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The Dinosaur-Killing Asteroid Acidified the Ocean in a Flash #Asteroid #Dinosaurs #History

Via the New York Times, new research now makes the case that the same incident that helped bring an end to the reign of the dinosaurs also acidified the planet’s oceans, disrupted the food chain that sustained life underwater and resulted in a mass extinction.

A study, published Monday in Proceedings of the National Academy of Sciences, aims to shore up the hypothesis that the Chicxulub event destruction of marine life — the result of sulfur-rich rocks depositing acid rain into the oceans — was just as severe as the fire and fury it brought to land.

“It’s flash acidification, and it transformed ecosystems for millions of years,” said Noah Planavsky, a biogeochemist at Yale and one of the study’s authors. “We were shocked that we actually found this.”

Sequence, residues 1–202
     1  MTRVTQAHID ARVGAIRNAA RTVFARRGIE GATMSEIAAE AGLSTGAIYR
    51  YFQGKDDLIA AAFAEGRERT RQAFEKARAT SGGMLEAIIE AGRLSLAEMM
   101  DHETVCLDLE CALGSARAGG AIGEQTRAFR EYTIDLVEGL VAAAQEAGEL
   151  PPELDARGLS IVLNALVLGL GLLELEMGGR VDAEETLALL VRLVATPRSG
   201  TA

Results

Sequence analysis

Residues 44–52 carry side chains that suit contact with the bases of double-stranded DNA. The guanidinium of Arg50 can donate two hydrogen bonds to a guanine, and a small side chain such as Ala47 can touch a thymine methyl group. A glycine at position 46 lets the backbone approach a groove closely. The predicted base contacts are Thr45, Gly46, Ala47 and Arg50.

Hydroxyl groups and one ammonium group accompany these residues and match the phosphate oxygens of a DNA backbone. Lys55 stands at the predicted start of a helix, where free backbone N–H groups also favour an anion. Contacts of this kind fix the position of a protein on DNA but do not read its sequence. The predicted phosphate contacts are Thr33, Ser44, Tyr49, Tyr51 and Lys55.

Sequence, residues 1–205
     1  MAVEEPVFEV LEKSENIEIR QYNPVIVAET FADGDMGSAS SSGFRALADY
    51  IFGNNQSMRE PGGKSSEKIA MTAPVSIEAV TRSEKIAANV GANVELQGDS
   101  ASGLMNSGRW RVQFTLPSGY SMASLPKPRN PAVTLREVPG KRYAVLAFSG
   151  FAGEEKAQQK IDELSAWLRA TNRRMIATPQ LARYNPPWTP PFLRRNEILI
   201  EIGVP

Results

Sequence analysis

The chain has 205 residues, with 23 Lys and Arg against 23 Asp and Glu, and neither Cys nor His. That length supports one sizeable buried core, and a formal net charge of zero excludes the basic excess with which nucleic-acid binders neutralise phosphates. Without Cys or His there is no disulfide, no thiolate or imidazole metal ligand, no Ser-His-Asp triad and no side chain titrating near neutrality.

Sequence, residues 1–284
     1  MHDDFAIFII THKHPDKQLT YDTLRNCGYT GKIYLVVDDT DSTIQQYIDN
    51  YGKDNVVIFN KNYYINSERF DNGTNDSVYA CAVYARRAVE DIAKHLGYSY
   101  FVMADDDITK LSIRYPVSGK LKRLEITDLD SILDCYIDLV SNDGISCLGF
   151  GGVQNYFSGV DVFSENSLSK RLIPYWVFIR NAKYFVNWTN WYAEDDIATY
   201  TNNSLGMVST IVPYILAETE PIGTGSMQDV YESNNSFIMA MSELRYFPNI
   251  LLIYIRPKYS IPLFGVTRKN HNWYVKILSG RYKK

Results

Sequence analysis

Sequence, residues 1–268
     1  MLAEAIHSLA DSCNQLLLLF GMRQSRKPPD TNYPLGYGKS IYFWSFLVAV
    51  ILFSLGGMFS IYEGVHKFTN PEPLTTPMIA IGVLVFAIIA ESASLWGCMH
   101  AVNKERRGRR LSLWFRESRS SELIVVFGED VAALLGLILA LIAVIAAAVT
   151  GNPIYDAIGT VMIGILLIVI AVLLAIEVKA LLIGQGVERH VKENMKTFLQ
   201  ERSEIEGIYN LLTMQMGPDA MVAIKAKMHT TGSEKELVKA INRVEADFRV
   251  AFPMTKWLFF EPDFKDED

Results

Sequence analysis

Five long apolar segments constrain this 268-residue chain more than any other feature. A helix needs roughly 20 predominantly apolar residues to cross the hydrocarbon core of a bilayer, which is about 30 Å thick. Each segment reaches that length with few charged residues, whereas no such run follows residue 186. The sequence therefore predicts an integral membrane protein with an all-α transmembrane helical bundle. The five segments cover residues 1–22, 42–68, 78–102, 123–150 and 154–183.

The impact of the Chicxulub asteroid — so named for the crater it carved out around the Gulf of Mexico — sent columns of rock into Earth’s atmosphere, incinerated the planet’s forests and drove tsunamis far across the oceans. But the connection between the crash and the marine extinction has been less solid.

Dr. Henehan and his team measured the boron in Foram shells found that the relative proportions of two isotopes of the element changed abruptly right at the time of the impact. In shells like these, Dr. Planavsky explained, proportions of the boron isotopes shift when the acidity of the oceans rises. And because this ancient shift happened in the first 100 to 1,000 years after the impact, it means the oceans became acidic practically overnight.

The flash acidification would have devastated organisms that formed the foundations of ecosystems, leading to problems for other creatures like the ammonites that lived higher up the food chain.

Read more in the article and the research paper.

Foram shells, shown at eight times magnification, collected in the Geulhemmerberg caves in the Netherlands. They offered clues to the ocean’s acid levels after the asteroid struck.

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